Queries on police handling of abuse cases

May 4, 2015

A royal commission is asking people who suffered child abuse in institutions to share how they fared in the criminal justice system.

Child abuse survivors who reported the crime are being asked to tell how they were treated by police and the courts.

The Royal Commission into Institutional Responses to Child Sexual abuse has flagged that fundamental changes may need to be made to the criminal justice system when it comes to dealing with victims of child sexual abuse.

As part of its research the commission wants people who experienced the system, either as a complainant, a lawyer or a victims' support professional to share their observations.

Across 26 public hearings since 2013 evidence has been given of police in Queensland, NSW Western Australia and Victoria returning children to state and church-run homes even though they reported being sexually and physically abused at the institutions.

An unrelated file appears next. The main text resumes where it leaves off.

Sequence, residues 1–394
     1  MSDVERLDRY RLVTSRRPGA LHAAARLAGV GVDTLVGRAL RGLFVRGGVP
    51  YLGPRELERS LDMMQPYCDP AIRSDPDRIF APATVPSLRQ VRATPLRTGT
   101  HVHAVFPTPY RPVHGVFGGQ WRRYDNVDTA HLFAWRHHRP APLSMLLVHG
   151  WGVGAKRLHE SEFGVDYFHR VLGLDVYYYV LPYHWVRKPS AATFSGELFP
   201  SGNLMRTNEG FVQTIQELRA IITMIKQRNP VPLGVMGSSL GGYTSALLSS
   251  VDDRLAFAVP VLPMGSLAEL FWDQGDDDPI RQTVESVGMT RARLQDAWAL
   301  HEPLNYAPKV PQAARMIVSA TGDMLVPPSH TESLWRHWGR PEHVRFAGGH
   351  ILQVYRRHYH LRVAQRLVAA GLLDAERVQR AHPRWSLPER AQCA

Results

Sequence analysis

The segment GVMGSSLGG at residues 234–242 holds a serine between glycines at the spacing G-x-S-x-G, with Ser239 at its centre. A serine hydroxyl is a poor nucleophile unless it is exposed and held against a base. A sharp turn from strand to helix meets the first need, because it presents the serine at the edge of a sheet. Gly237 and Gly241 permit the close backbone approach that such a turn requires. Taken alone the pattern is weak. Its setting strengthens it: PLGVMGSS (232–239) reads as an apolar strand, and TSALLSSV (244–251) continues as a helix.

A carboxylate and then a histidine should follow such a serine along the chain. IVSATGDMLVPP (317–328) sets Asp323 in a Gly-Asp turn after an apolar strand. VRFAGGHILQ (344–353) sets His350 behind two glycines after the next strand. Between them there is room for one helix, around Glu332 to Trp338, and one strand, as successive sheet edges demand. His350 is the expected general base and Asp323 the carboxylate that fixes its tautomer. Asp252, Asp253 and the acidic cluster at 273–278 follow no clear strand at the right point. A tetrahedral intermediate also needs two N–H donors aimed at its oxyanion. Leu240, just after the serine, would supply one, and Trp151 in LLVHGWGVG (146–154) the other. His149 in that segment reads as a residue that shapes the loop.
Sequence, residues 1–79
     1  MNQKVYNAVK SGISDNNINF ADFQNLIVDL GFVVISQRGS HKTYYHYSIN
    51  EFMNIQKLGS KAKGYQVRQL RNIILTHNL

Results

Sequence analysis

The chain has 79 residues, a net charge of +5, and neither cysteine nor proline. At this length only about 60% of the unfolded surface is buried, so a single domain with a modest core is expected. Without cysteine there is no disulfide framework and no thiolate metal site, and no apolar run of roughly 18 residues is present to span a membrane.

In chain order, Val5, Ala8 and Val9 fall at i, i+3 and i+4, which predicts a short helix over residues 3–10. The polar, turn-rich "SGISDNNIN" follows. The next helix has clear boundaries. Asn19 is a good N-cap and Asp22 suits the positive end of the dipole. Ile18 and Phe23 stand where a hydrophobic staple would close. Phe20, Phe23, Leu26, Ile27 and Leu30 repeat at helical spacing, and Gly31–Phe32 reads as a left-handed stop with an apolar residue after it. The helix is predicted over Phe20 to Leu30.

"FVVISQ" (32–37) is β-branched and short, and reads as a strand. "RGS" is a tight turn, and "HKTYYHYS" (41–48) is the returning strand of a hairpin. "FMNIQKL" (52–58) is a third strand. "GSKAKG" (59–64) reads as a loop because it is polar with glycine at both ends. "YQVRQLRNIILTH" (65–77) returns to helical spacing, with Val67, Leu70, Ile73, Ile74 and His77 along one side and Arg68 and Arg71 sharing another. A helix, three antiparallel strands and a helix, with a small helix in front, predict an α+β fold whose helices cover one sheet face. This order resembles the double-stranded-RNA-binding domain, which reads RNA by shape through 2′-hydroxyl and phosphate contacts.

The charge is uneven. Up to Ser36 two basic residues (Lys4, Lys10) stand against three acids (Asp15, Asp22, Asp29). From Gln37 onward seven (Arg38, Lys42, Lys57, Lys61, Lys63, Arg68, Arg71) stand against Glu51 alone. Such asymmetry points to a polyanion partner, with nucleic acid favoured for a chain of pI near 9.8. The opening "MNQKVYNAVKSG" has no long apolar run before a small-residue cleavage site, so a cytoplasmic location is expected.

Evidence has also been presented on the failure of COPS - the police data base - when it came to keeping track of alleged pedophiles.

The failure in the case of former NSW Scouts leader Steve Larkin, who was jailed in 2012, meant he was able to continue offending for years despite allegations to police and NSW government departments.

In South Australia delays in a police investigation into allegations of child sexual abuse against Brian Perkins at St Ann's Special School in 1991 meant he was able to breach bail and leave South Australia around 1993.

The commission heard that in these and other cases there were problems with the way police communicated with parents of abused children and during trials, victims were sometimes re-traumatised.

In its interim report last year the commission announced it would be researching issues around prosecutions and trials, including how victims give evidence, jurisdictional differences in sentencing and how offenders with multiple charges against them are tried.

Directions given by judges in jury trials of child sex abuse cases will also be examined by the commission.

On Friday the commission published an issues paper, Experiences of Police and Prosecution Responses. It has invited anyone with personal or professional first hand knowledge to make a submission by June 15.

The submission can be made online to:



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